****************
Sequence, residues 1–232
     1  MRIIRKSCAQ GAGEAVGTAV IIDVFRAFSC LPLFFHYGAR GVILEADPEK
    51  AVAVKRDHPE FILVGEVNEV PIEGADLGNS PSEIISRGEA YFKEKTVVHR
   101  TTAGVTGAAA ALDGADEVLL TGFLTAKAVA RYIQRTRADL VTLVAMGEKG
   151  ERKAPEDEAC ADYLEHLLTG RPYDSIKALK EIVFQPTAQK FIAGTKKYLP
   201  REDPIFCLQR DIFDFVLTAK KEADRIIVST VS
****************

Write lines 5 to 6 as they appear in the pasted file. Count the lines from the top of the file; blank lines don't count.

   151  ERKAPEDEAC ADYLEHLLTG RPYDSIKALK EIVFQPTAQK FIAGTKKYLP
   201  REDPIFCLQR DIFDFVLTAK KEADRIIVST VS